Making the decision to go into assisted living is never easy. It’s an emotional decision that often means leaving the family home and sacrificing a sense of independence. At some point, however, it’s a decision that has to be made.
Understanding when it’s time to move to assisted living will look different for everyone. Here are five signs that it’s time to consider this transition.
Signs of Cognitive Decline
One of the most telling signs that it’s time to consider assisted living is cognitive decline. It’s natural to become forgetful as we get older. Yet, there’s a tipping point when forgetfulness starts to become a safety issue. For example, if someone forgets to turn off the stove, pay important bills, or starts to get confused about where they are, it’s time to consider assisted living.
According to the experts at Bel Air Assisted Living, forgetfulness is especially problematic when medication management is involved. Someone who has to take medication at specific times to manage medical issues is at significant risk if they start forgetting whether or not they took it.
Widowhood and Isolation
Another sign that it’s time to consider assisted living or moving to a seniors’ community is social isolation. Many widowers find themselves socially isolated and combating loneliness after their partner has passed. In these scenarios, the individual might not need additional medical support; they just need socializing opportunities.
For many widowers or those facing social isolation, the primary challenge comes down to convenience. If the person is unable to drive or lacks the resources to find opportunities to socialize, they withdraw. Moving to an assisted living or retirement community makes it easier to stay connected and engaged.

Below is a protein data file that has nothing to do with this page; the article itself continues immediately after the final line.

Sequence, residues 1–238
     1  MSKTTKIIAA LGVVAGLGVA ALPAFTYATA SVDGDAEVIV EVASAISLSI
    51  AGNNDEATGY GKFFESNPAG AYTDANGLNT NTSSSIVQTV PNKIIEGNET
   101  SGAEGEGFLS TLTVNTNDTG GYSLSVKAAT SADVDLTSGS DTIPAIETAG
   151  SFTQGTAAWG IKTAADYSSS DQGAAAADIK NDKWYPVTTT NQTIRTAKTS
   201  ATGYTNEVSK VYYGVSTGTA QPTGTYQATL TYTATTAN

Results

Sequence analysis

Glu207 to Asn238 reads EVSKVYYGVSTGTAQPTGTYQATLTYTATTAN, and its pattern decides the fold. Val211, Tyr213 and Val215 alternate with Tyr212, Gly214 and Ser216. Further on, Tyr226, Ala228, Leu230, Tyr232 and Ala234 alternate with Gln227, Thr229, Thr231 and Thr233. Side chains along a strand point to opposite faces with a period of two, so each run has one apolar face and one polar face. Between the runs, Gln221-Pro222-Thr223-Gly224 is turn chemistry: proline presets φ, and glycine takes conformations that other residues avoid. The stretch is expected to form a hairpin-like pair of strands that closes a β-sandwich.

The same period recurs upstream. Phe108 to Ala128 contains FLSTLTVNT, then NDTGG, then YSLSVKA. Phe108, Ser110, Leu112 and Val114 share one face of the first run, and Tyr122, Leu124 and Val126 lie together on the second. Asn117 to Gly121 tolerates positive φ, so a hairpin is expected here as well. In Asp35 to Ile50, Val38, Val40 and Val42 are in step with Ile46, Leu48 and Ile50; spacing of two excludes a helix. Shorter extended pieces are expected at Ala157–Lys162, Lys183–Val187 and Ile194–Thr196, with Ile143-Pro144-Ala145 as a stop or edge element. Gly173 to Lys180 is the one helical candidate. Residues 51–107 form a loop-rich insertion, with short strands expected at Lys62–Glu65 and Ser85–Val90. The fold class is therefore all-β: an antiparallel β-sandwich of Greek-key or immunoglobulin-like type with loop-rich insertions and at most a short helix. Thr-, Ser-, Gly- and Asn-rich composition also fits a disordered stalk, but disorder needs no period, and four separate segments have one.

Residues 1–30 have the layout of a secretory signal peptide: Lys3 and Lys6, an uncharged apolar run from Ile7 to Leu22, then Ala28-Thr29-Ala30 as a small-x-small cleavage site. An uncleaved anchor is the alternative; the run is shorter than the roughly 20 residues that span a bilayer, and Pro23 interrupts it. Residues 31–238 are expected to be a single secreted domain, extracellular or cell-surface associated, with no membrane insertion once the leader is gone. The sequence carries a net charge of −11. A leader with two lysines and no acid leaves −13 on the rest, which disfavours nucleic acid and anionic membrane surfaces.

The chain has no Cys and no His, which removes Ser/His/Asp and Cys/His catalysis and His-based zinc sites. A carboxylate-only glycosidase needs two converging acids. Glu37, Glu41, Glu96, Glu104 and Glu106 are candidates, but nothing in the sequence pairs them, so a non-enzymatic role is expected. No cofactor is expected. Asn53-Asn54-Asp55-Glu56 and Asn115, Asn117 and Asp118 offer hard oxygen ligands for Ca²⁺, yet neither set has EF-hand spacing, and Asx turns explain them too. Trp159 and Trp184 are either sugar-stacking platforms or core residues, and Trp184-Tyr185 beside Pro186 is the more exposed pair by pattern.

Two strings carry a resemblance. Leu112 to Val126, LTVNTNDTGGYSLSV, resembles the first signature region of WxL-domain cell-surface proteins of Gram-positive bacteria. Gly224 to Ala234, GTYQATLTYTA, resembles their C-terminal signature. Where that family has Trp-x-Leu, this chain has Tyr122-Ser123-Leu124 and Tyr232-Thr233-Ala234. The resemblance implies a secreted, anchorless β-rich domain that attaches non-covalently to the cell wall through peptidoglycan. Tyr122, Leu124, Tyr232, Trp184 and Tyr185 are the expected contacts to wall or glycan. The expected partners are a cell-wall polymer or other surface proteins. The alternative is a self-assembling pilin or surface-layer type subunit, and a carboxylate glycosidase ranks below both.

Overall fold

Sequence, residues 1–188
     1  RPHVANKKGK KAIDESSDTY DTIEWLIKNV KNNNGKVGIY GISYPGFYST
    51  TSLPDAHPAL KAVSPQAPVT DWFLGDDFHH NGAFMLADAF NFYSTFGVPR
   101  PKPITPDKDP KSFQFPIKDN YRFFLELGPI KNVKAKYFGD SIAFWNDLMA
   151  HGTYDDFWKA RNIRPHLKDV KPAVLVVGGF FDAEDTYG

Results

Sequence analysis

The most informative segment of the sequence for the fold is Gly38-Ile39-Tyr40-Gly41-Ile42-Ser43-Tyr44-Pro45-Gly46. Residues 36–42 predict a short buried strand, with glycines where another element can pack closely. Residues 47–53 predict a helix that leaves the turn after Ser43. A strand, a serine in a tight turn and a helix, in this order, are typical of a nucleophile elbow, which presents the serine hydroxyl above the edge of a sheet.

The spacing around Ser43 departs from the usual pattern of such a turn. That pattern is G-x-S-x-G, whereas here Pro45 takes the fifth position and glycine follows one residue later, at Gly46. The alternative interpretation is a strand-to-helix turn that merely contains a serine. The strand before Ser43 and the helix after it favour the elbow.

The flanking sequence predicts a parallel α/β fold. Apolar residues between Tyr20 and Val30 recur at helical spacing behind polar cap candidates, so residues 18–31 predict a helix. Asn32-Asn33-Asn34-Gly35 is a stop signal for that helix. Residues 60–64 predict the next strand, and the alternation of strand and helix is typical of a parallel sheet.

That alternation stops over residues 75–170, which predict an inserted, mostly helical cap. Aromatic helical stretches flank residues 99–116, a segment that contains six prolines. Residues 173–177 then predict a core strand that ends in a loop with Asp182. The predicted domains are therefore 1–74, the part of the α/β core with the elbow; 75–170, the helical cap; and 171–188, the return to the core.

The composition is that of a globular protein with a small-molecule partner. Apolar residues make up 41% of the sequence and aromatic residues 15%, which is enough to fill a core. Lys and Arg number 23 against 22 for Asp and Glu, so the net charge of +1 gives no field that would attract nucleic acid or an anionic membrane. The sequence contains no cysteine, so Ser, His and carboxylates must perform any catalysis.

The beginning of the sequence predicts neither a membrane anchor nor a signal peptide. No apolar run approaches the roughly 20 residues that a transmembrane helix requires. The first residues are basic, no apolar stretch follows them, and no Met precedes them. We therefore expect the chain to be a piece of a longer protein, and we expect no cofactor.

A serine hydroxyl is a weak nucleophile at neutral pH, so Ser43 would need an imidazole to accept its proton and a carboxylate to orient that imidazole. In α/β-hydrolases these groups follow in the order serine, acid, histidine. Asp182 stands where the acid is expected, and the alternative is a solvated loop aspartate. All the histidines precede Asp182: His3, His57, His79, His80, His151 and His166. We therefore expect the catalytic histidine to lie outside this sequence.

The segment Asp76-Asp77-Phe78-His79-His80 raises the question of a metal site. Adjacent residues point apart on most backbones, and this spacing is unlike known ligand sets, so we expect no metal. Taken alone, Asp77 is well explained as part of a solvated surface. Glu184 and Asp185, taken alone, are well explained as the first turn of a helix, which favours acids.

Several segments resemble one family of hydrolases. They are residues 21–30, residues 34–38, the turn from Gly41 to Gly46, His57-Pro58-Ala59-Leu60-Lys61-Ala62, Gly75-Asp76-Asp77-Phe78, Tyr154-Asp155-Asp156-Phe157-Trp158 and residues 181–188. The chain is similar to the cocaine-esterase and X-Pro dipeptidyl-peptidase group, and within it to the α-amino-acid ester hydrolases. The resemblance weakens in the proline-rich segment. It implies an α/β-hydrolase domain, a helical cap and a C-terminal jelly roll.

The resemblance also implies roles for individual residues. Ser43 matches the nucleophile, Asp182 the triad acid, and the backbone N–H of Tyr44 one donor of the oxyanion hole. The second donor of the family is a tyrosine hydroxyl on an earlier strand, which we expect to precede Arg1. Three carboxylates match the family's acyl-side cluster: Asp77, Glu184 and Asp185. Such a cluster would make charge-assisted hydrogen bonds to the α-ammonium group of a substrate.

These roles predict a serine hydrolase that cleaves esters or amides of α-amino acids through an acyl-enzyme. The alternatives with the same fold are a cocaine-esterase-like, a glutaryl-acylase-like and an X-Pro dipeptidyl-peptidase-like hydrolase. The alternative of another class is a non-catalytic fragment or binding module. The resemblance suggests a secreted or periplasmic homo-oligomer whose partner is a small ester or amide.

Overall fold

Mobility Limitations and Restrictions
Mobility limitations and restrictions — especially after an injury — are another sign that it could be time to move into assisted living. If getting around the house is a challenge, or the individual lives in a multi-story building, moving around can be a safety issue.
Fortunately, there are plenty of steps to take before moving to an assisted living facility. From safety bars to mobile alert systems, there are several tools to help seniors maintain their independence. However, when these mobility issues arise, it’s wise to look at other options and start planning for the future.
Difficulty With Home Maintenance
Maintaining a home is a lot of work, especially if there are physical and mental health considerations. Again, there are several options to help a person maintain their independence for as long as possible. Family members can assist with some tasks, and you can hire local companies or youth to fill the gaps.
Again, at some point, these options may not be enough. Furthermore, signs of hoarding and extra clutter could be a subtle sign of cognitive decline. If you notice an aging loved one struggling to stay ahead of their home maintenance, consider having a conversation about getting additional support.
Caregiver Challenges or Burnouts
Being a caregiver can pose emotional, physical and financial challenges. Playing this role can lead to the very real issue of caregiver burnout. As the years go by, the workload of the caregiver increases, leading to exhaustion and financial stress.
At some point, it may not be feasible to help your senior loved one stay at home. When this time comes, it’s crucial to have a frank conversation and explore other options. Caregivers often struggle to advocate for themselves, especially in tense family situations. While many people avoid assisted living for as long as possible due to financial concerns, it eventually costs more in wellness and caregiver burnout to stay at home.
Knowing the right time to discuss assisted living will be different for everyone. Use these five signs as guidelines for learning when it’s time to have that talk.